Yesterday I met a Jewish pro-life man who shared great news with me. He told me of an organization called EFRAT that has helped save 35,000 children from abortion in Israel.
EFRAT’s approach is simple: When women in Israel register for abortions, they’re asked why they want to end the life of the child. If they say financial reasons, they are given EFRAT’s number. After a volunteer talks with them and assesses their needs, they may receive services from the organization.
The Android app allows users to learn the abortion laws of various countries, as well as “the availability of abortion pills, how to get and use them, and what clinics or organizations are working on abortion issues” in a given country. The app’s description says users can “access safe abortion pills by doing the online consultation.”
Earlier this year, the RSU proclaimed that it “opposes…groups, meetings, or events that promote misogynist views towards woman (sic) and ideologies that promote gender inequity, challenges women’s right (sic) to bodily autonomy, or justifies (sic) sexual assault.”
Apparently it’s opposed to the rules of grammar, too.
What prompted this declaration? It was the RSU’s rationale for denying a pro-life group, Students for Life at Ryerson, official club status.
The Daily Mail reported on the good news that Valentina Maureira, a 14-year-old girl in Chile with cystic fibrosis, has changed her mind about wanting to be euthanized. The young girl felt inspired to live after meeting Maribel Oviedo, a 22-year-old from Argentina who also had the disease, but now lives a normal life after a lung transplant.
In Chile, physician assisted suicide is illegal. Maureira’s request to die went viral when she recorded a video, asking to meet with President Michelle Bachelet, who she hoped would grant her approval to “get a shot that will make [her] sleep forever.”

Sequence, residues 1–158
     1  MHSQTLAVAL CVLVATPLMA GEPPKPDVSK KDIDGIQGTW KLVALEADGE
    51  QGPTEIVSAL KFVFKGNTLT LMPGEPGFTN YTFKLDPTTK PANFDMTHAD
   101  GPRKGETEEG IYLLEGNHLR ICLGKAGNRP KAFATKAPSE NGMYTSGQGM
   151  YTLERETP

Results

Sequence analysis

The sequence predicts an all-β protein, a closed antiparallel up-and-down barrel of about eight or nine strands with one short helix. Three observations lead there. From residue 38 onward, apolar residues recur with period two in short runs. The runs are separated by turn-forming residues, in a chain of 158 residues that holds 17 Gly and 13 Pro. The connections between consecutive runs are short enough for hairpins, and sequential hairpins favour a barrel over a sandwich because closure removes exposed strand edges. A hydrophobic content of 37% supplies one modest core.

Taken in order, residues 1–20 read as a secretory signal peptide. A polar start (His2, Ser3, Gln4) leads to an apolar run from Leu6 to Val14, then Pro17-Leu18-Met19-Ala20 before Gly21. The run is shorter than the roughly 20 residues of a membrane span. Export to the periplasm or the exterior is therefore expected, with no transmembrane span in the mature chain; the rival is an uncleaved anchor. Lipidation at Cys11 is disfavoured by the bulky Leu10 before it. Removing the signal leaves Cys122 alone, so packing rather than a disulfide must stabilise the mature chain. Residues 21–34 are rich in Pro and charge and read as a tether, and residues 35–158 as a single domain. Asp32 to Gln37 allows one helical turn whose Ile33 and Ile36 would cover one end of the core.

Over 100 million girls are missing because of sex-selective abortion, and sadly, many pro-abortion activists oppose sex-selective abortion bans in the name of “women’s rights.” They either deny that it happens in developed countries, or claim that women have the right to do what they want with their own body, regardless of how offensive others might find their reasoning behind the abortion.
Australian teenager April-Lee Gillen, 17, was discovered unconscious and critically injured after an attempted abduction last Easter. Gillen, who was walking home from her boyfriend’s home, was left for dead on the side of the road after what appeared to be a failed abduction. The Sydney Morning Herald reports that a motorist found Gillen and brought her to a nearby hospital where she was treated for her injuries.
Doctors placed her in an induced coma and discovered afterwards that Gillen was four weeks pregnant, but from the beginning, Gillen was a fighter. As she posted on Facebook about the situation, she recalls likely putting up a fight during the attack and following the advice her mother had once given her.
According to The Times of India, Indian police are attempting to hunt down a man accused of raping and killing a teenage girl through a forced abortion. While being treated for the abortion, the girl died in a hospital.